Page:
tree of recycling elements
Environmental conservation

Recycling: it all began when the Greeks discovered landfills

11 of November of 2016

Recycling is something the biosphere does as part and parcel of biological processes, ever since the beginning of time. A fallen leaf, a burned tree, a dead animal… basically everything that happens in nature ends up forming part of the biochemical, physical and geological processes which make ecosystems balanced and sustainable.

recycling logo

As humans have increasingly moved away from the biosphere’s biological processes, their ability to transform the environment has grown, with the introduction of new and differentiated systems and elements as a result of the capacity for transformation acquired over millions of years of evolution.

history of recycling

Metal working, agriculture, livestock farming, the growth of cities, textile manufacturing, the discovery of paper and other major milestones in the history of humanity have gradually introduced elements and objects processed through “artificial” techniques and methods which are difficult to integrate into the Biosphere’s own natural cycles.

Reuse came before recycling

Twelve thousand years ago, when the Palaeolithic period was coming to a close and the first relatively stable settlements were starting to appear, it began to be obvious that implements manufactured by humans through transformation of elements such as wood, stone, metals or textiles did not disappear nor were they transformed in the same way as naturally-occurring elements. Moreover, the manufacture of implements and tools was at the time a complicated and not very obvious task, so the policy was to reuse whatever was left from previous settlements, or objects that had deteriorated due to their primary purpose.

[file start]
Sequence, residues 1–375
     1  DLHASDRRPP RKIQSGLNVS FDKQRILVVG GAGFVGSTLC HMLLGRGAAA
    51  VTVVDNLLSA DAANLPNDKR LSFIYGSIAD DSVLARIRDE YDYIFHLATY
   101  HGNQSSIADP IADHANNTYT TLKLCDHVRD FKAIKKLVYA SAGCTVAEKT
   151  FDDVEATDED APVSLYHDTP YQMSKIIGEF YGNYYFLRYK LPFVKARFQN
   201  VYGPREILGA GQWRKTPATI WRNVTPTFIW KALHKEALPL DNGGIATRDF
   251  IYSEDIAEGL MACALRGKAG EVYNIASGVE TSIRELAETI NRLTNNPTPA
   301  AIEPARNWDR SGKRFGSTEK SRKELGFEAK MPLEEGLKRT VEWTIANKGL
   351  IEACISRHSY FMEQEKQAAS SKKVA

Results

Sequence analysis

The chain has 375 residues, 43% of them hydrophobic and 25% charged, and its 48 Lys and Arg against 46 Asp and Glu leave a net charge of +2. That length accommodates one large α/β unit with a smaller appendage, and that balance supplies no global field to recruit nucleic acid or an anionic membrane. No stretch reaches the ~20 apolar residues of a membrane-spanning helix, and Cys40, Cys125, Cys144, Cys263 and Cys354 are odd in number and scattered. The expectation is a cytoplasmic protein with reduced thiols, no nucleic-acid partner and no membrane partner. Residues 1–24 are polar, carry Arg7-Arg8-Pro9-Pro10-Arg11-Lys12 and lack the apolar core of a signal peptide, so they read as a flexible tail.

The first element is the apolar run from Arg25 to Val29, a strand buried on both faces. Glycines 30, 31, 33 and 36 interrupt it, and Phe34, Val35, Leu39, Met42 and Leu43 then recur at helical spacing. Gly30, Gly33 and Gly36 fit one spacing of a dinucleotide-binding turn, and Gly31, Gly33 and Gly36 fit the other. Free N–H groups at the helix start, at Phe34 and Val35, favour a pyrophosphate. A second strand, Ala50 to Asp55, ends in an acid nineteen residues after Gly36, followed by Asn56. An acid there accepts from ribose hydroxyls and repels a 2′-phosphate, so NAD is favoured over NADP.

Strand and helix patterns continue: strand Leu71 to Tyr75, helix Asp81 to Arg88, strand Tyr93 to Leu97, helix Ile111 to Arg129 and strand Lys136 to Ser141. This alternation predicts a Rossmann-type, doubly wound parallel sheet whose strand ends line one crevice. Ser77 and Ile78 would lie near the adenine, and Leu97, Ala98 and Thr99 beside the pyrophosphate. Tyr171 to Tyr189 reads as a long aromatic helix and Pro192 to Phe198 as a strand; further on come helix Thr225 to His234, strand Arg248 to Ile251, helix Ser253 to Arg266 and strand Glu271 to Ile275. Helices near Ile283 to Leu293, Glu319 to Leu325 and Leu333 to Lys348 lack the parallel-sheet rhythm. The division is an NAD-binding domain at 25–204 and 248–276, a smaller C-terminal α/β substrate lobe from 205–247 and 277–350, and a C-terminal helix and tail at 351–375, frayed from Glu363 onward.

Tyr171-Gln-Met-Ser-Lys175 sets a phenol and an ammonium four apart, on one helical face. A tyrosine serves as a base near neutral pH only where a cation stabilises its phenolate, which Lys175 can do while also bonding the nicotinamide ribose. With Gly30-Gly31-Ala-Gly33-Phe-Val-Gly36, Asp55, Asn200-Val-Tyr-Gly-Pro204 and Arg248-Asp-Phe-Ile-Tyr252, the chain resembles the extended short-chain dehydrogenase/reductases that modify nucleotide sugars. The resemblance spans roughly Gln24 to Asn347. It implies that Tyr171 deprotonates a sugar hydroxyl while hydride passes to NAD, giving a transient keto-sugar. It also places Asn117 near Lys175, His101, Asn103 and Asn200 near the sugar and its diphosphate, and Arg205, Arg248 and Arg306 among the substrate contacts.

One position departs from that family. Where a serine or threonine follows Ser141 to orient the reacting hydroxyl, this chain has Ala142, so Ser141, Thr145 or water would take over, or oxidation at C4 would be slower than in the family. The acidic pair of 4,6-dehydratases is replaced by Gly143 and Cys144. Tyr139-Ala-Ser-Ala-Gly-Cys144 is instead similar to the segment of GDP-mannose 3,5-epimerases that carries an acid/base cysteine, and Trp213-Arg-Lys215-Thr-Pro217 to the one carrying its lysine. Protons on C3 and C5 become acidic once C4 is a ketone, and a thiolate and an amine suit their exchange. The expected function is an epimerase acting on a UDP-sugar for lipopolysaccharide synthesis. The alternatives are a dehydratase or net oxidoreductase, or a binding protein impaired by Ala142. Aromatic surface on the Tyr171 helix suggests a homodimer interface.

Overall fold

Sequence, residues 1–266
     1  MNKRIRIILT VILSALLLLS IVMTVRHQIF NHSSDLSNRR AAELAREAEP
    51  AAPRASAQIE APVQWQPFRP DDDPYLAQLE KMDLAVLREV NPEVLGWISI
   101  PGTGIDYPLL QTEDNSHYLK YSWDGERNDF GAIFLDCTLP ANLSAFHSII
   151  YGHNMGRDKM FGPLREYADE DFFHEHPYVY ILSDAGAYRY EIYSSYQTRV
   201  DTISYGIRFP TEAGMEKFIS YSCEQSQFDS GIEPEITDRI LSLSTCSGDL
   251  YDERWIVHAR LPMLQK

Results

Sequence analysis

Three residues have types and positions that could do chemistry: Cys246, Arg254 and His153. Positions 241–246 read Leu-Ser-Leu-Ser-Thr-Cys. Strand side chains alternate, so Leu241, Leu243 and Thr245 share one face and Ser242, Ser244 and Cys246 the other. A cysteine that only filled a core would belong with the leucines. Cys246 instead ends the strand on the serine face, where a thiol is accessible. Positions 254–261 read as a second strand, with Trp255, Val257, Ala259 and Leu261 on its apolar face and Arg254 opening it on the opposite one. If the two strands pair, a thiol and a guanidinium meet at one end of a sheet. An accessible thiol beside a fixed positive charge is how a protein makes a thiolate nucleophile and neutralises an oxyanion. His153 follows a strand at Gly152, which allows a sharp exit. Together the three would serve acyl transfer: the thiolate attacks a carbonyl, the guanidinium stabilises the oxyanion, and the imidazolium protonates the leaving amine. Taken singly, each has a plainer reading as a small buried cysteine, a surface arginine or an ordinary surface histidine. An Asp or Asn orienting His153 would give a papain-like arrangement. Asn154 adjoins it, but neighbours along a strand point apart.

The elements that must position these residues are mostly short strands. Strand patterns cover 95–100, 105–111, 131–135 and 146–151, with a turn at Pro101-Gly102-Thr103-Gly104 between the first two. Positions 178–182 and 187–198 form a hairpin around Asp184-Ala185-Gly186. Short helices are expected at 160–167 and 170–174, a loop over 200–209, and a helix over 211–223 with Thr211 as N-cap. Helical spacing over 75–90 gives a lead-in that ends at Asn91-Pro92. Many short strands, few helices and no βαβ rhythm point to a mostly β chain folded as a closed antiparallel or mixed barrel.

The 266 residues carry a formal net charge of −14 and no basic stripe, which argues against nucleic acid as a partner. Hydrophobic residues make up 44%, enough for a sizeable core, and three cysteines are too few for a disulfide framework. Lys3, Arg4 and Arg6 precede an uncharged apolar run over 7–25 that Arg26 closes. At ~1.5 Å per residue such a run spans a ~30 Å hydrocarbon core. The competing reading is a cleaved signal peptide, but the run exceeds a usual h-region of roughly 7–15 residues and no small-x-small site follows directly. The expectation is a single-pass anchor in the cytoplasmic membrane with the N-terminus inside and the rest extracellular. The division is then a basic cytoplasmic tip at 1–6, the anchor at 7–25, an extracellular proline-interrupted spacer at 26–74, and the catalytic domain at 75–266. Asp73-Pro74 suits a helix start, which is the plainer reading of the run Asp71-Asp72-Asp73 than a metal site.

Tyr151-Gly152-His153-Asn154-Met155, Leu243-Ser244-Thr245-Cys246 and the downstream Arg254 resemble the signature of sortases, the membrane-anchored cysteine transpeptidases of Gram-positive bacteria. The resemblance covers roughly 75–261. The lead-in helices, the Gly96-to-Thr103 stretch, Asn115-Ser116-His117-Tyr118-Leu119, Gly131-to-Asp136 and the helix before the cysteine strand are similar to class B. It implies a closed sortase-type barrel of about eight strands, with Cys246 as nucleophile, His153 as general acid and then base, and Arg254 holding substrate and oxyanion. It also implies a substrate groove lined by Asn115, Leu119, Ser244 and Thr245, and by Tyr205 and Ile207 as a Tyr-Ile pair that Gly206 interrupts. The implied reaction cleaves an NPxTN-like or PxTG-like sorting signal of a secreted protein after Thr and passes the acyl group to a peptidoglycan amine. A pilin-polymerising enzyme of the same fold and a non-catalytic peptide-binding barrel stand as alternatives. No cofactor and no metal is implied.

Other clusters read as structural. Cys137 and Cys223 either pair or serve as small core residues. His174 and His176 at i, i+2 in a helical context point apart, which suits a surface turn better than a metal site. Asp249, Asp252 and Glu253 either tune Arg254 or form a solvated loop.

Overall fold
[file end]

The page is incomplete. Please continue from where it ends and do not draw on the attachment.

Already in prehistoric times, the first implements made from animal bones, stones or wood were reused to make other new ones for hunting or everyday use. It was neither easy nor simple to obtain the prime materials for manufacturing such tools, working such materials was likewise complicated, and so the most logical course of action was to reuse what was already there.

These periods in history were indeed very different to those which followed the industrial revolution. Times when reuse won over recycling. The concept of rubbish was also not apparent, for there were hardly any waste materials apart from organic and biodegradable matter. Recycling and rubbish are in fact very closely linked. What we reuse is not usually considered to be rubbish, whereas what we recycle is obtained from that which we throw away.

The origins of rubbish

The concept of landfill appeared together with that of rubbish. Peggy Ayres, researcher on the history of rubbish, states that the first rules relating to waste management date back to ancient Greece, some 2,400 years ago, and specifically to urban settlements such as Athens, which required that rubbish be buried at least a couple of miles from populated areas.